a description of the main characteristics of the operational phase of the project (in particular any production process), for instance, energy demand and energy used, nature and quantity of the materials and natural resources (including water, land, soil and biodiversity) used;

(d)

an estimate, by type and quantity, of expected residues and emissions (such as water, air, soil and subsoil pollution, noise, vibration, light, heat, radiation) and quantities and types of waste produced during the construction and operation phases.

2.A description of the reasonable alternatives (for example in terms of project design, technology, location, size and scale) studied by the developer, which are relevant to the proposed project and its specific characteristics, and an indication of the main reasons for selecting the chosen option, including a comparison of the environmental effects.U.K.
3.A description of the relevant aspects of the current state of the environment (baseline scenario) and an outline of the likely evolution thereof without implementation of the project as far as natural changes from the baseline scenario can be assessed with reasonable effort on the basis of the availability of environmental information and scientific knowledge.U.K.
4.A description of the factors specified in Article 3(1) likely to be significantly affected by the project: population, human health, biodiversity (for example fauna and flora), land (for example land take), soil (for example organic matter, erosion, compaction, sealing), water (for example hydromorphological changes, quantity and quality), air, climate (for example greenhouse gas emissions, impacts relevant to adaptation), material assets, cultural heritage, including architectural and archaeological aspects, and landscape.U.K.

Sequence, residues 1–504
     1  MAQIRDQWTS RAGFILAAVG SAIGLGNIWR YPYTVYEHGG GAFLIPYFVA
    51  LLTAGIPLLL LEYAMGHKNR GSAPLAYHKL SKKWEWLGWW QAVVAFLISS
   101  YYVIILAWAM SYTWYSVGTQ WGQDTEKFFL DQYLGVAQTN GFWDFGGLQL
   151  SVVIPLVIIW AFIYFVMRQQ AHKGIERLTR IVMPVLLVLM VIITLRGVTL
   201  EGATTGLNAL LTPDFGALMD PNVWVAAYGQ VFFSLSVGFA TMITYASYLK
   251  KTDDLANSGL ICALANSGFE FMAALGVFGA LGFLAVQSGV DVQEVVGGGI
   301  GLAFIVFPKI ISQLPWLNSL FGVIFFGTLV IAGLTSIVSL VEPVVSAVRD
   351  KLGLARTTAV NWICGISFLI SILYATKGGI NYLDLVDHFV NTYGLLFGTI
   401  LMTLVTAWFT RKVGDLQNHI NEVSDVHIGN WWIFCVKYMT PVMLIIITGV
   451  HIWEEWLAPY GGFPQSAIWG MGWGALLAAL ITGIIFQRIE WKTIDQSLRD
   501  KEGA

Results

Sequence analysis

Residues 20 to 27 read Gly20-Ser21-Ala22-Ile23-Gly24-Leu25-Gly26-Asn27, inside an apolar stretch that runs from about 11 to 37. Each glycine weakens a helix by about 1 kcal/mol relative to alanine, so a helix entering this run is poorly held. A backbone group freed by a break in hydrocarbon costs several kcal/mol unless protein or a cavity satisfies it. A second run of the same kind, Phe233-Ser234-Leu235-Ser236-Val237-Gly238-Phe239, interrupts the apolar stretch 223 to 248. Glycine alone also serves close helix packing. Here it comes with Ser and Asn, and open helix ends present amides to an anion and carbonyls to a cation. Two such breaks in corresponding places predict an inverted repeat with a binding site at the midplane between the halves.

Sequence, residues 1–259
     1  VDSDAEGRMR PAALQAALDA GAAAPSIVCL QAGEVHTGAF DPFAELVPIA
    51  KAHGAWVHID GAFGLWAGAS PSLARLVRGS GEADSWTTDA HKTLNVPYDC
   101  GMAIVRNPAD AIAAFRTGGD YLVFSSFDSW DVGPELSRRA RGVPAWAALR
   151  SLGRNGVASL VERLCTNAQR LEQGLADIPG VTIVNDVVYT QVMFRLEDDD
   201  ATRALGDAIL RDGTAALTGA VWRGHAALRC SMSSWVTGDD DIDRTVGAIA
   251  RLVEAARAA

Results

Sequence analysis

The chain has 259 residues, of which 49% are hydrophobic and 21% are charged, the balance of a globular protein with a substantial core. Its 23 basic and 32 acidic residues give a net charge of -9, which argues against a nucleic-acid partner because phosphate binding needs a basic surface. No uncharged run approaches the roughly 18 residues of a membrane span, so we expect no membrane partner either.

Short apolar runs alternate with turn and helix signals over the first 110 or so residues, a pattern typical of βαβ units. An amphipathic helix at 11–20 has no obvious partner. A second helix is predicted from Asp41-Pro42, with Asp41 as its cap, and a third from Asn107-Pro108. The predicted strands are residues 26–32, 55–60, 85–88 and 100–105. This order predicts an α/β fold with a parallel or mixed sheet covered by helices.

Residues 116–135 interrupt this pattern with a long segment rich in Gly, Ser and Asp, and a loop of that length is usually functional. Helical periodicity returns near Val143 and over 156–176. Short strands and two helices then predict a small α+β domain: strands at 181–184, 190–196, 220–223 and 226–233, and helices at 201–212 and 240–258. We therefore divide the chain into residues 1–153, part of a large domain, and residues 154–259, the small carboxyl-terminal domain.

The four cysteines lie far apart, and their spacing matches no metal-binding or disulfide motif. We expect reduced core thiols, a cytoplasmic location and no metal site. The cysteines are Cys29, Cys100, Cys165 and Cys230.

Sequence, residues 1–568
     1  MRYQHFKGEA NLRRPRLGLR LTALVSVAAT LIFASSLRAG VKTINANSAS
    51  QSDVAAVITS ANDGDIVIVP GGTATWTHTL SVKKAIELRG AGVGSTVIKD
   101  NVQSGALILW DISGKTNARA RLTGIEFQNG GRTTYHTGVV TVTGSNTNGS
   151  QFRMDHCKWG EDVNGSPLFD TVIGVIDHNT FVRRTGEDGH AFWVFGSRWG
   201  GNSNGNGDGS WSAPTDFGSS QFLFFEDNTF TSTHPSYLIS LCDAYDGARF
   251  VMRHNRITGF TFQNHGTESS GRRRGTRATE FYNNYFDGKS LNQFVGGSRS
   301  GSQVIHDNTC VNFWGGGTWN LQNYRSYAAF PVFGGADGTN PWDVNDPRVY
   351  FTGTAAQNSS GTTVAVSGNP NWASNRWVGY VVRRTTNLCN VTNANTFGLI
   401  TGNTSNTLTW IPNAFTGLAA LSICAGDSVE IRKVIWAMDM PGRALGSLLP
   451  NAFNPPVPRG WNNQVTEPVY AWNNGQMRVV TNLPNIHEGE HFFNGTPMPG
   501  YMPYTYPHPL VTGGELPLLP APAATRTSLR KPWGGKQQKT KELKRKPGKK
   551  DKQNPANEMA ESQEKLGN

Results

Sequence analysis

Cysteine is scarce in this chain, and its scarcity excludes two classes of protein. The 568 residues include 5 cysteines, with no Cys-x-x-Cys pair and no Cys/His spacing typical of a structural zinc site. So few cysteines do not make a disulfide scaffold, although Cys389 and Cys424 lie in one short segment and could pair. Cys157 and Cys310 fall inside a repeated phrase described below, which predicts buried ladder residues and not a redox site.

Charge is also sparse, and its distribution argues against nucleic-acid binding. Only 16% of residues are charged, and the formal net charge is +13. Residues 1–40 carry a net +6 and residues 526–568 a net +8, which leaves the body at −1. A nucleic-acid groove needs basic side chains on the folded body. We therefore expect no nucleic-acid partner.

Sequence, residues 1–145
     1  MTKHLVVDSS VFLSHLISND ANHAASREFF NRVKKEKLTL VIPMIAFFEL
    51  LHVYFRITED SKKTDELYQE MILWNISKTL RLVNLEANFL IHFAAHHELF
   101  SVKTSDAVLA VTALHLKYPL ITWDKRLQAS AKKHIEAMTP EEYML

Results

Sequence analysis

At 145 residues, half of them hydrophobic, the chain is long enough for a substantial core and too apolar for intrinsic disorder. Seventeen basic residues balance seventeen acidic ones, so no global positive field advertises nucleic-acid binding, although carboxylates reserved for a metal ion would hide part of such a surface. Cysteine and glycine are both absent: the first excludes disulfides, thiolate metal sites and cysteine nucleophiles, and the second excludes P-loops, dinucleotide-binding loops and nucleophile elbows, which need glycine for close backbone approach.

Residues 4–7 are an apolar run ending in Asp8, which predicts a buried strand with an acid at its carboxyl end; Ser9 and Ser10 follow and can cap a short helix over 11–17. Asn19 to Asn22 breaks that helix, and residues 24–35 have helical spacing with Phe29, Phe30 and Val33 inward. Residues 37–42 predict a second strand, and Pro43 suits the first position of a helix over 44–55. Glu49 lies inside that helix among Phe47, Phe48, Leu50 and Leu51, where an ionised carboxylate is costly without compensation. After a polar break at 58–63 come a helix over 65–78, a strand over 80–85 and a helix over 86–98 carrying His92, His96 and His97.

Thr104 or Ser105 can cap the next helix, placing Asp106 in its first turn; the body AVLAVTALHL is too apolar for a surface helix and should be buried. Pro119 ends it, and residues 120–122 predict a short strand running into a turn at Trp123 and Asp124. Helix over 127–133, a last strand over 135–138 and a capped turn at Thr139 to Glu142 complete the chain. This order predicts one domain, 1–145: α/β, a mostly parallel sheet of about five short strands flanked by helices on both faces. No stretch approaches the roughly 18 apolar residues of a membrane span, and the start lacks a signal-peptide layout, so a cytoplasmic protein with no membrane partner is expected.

5.A description of the likely significant effects of the project on the environment resulting from, inter alia:U.K.
(a)

the construction and existence of the project, including, where relevant, demolition works;

(b)

the use of natural resources, in particular land, soil, water and biodiversity, considering as far as possible the sustainable availability of these resources;

(c)

the emission of pollutants, noise, vibration, light, heat and radiation, the creation of nuisances, and the disposal and recovery of waste;

(d)

the risks to human health, cultural heritage or the environment (for example due to accidents or disasters);

(e)

the cumulation of effects with other existing and/or approved projects, taking into account any existing environmental problems relating to areas of particular environmental importance likely to be affected or the use of natural resources;

(f)

the impact of the project on climate (for example the nature and magnitude of greenhouse gas emissions) and the vulnerability of the project to climate change;